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I have a binary classification problem(benign/malicious) and I have applied simple neural network with one hidden layer for solving the problem. I have 46 features in my dataset and for the hidden layer I am using 46/2. Also my data is not scaled so for it I am using standardscaler. I am getting accuracy of around 99.79% with the code. However the accuracy was unexpected, I was expecting around 93-94%, I am afraid that I am leaking some data or making some silly mistake.

def create_baseline():
    model = Sequential()
    model.add(Dense(23, input_dim=46, kernel_initializer='normal', activation='relu'))
    model.add(Dense(1, kernel_initializer='normal', activation='sigmoid'))
    model.compile(loss='binary_crossentropy', optimizer='adam', metrics=['accuracy'])
    return model

estimators = []
estimators.append(('standardize', StandardScaler()))
estimators.append(('mlp', KerasClassifier(build_fn=create_baseline, epochs=1000, batch_size=len(X), validation_split=0.15, verbose=0)))
pipeline = Pipeline(estimators)
kfold = StratifiedKFold(n_splits=5, shuffle=True, random_state=seed)
scores = cross_val_score(pipeline, X, y, cv=kfold)
print("%.2f%%" % (scores[1]*100))

I am using around 5871 malicious samples and 3488 benign samples.

Just to cross check I have implemented without cross validation, a very simple implementation, and I am getting ~99% accuracy in that also.

X_train, X_test, y_train, y_test = train_test_split(X, y, test_size=0.30, random_state=42)

scale = StandardScaler(with_mean=0, with_std=1)
new_X_train = scale.fit_transform(X_train)
new_X_test = scale.transform(X_test)

model = Sequential()

model.add(Dense(23, input_dim=46, kernel_initializer="normal"))
model.add(PReLU(alpha_initializer='zero', weights=None))

model.add(Dense(1, kernel_initializer='normal'))
model.add(Activation('sigmoid'))

model.compile(loss='binary_crossentropy', optimizer='adam', metrics=['accuracy'])

history = model.fit(new_X_train, y_train, epochs=1000, batch_size=len(X_train), validation_split=0.15)

scores = model.evaluate(new_X_test, y_test)
print("%s: %.2f%%" % (model.metrics_names[1], scores[1]*100))

print(history.history.keys())

plt.plot(history.history['acc'])
plt.plot(history.history['val_acc'])
plt.title('model accuracy')
plt.ylabel('accuracy')
plt.xlabel('epoch')
plt.legend(['train', 'test'], loc='upper left')
plt.show()

plt.plot(history.history['loss'])
plt.plot(history.history['val_loss'])
plt.title('model loss')
plt.ylabel('loss')
plt.xlabel('epoch')
plt.legend(['train', 'test'], loc='upper left')
plt.show()

The plots I am getting are: lossaccuracy

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  • 1
    $\begingroup$ I think one good way to evaluate would also be to plot validation loss during training loss. $\endgroup$ – Nischal Hp Feb 17 '18 at 9:49
  • $\begingroup$ I guess I have done that only, have plot loss and accuracy on the training and validation set over training epochs, please check the second code. $\endgroup$ – mg9893 Feb 17 '18 at 10:05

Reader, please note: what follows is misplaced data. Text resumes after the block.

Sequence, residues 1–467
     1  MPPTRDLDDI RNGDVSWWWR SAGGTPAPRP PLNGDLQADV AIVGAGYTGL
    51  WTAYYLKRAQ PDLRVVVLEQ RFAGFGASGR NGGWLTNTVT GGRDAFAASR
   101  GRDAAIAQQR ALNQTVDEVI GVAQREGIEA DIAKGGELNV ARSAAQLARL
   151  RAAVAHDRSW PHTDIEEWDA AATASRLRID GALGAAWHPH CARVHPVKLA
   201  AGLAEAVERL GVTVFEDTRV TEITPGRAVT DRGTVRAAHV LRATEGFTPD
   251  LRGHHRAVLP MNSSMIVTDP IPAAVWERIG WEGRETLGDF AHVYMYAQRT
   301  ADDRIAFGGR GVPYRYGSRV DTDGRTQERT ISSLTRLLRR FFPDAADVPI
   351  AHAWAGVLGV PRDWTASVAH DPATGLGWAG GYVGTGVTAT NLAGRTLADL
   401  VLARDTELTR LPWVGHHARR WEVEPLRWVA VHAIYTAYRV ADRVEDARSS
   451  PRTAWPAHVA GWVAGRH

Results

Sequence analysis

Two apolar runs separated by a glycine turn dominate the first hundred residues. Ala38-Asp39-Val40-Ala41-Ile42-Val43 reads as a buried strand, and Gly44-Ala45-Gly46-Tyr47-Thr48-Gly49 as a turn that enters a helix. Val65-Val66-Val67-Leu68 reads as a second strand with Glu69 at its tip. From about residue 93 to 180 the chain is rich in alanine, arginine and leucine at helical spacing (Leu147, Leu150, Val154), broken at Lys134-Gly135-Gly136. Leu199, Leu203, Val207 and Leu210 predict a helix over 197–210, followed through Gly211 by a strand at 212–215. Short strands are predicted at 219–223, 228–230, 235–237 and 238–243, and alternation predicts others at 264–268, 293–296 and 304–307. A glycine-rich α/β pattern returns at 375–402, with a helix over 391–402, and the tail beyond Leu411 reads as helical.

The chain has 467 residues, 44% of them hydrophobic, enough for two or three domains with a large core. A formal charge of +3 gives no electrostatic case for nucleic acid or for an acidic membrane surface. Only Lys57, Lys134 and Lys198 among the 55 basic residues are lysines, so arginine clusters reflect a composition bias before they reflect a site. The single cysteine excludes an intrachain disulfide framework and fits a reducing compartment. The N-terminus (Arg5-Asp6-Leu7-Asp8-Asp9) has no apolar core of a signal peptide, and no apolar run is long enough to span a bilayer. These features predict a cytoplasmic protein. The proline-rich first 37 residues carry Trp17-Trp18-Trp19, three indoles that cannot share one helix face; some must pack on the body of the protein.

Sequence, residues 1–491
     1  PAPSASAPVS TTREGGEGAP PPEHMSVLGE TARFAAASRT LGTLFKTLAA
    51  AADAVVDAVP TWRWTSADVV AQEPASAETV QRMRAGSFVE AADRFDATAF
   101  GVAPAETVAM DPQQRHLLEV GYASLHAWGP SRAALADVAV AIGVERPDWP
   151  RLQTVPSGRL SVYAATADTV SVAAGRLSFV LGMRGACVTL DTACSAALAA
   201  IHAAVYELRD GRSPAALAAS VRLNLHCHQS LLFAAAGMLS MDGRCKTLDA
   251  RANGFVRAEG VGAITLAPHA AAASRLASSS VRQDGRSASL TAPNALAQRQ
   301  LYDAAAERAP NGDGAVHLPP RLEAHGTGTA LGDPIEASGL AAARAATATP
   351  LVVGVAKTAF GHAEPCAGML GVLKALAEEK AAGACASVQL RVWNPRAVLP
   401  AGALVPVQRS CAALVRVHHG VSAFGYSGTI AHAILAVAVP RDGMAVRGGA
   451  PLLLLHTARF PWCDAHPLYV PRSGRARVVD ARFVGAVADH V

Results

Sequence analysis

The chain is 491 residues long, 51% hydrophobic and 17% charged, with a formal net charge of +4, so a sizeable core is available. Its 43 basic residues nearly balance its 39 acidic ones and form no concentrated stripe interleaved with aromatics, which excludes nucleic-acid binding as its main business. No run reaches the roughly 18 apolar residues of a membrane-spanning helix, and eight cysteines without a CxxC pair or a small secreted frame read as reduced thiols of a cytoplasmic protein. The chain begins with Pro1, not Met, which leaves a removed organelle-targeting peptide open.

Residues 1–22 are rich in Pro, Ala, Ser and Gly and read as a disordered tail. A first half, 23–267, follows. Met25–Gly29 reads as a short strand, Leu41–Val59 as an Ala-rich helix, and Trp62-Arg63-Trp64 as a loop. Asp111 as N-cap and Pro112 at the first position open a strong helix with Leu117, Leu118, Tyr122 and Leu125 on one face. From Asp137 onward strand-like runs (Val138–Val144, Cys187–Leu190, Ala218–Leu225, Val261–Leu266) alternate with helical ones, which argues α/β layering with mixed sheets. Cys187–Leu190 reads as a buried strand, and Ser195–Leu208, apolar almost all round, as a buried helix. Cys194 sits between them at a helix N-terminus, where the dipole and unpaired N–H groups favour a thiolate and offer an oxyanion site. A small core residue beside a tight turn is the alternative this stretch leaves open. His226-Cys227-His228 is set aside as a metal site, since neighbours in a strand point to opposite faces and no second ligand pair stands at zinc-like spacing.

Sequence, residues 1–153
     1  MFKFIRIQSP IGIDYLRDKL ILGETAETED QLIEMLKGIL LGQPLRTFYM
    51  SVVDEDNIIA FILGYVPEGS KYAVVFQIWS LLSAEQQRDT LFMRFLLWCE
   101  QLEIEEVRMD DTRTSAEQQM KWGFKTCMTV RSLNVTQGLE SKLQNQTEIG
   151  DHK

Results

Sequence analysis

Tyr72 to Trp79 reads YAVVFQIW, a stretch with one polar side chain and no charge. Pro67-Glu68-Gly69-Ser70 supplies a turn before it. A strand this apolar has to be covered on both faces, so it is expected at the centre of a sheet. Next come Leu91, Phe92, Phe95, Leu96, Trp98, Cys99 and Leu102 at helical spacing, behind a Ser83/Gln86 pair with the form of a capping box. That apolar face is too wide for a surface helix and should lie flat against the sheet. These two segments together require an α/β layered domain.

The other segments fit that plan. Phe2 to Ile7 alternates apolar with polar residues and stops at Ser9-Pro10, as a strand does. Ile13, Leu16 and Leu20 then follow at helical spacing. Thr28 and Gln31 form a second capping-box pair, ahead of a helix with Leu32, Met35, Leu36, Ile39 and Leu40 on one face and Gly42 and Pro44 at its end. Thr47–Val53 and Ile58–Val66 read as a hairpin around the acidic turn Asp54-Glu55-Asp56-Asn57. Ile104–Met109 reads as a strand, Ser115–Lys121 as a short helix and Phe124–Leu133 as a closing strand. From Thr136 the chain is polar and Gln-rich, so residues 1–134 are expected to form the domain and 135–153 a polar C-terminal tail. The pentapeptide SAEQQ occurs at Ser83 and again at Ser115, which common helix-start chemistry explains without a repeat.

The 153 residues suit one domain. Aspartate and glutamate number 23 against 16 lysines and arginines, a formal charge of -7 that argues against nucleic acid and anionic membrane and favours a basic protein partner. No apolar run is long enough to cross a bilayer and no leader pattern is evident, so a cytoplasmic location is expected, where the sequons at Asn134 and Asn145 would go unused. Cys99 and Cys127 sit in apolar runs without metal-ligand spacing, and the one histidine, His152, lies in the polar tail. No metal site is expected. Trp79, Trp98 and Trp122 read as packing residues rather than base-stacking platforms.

• $\begingroup$ @NischalHp my cross validation accuracy and normal accuracy is coming same. Also I have computed correlation between features and removed all features with correlation>=0.8, got 19 features, then with the output, I computed correlation and got 4 features with correlation>0.20 {-0.231764, -0.407881, 0.391524, 0.727126}, I think getting good correlation with output means the feature is good. Is it bad to have such features in dataset? $\endgroup$ – mg9893 Feb 17 '18 at 13:49
  • $\begingroup$ I'm voting to close this question as off-topic because cross-posted from CV $\endgroup$ – Dawny33 Feb 27 '18 at 6:30
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Considering the nature of your problem (disease classification?), probably you have imbalanced data: more negative/benign w.r.t. positive/malicious. In such cases accuracy is not a good metric to assess the quality of a model.

Consider, as example, a dataset with 99 "negative" cases and only one "positive" case, and consider a classifier which predict "negative" all the times. The accuracy of such model is, actually, 99%:

accuracy formula

What you want to do in order to deal with unbalanced data is:

1) just use another metric, as ROC-AUC. This can be sufficient if you have a dataset not so much unbalanced, say up to 1:20. This metric is not officially supported in Keras, but you can find a custom callback which calculate the AUC score every end of epoch here.

2) if the imbalance is very big, say 1:1000, you need to balance the dataset. There are lots of techniques, the simplest one is to make copies of the minority class samples, as many as needed to reach the balance. Other smarter techniques exist, and some of then are included in imbalanced-learn for SKLearn.

If you want to have a better overview of techniques and metrics used in such cases, I suggest you this paper.

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  • $\begingroup$ I dont think I have imbalanced data, as mentioned above, I am using around 5871 malicious samples and 3488 benign samples. $\endgroup$ – mg9893 Feb 18 '18 at 6:56
  • $\begingroup$ oh, right, I missed that row. Then probably your hypothesis is right, there is some kind of leakage in your data. The simplest way I know is the plot_importance method of XGBoost: it will show the most important features, and if the most important of them is by far on an higher position w.r.t. the other, then you find the source of leakage. A nice and new method that can be user with Keras is SHAP, you can find an example here $\endgroup$ – Vincenzo Lavorini Feb 18 '18 at 8:07

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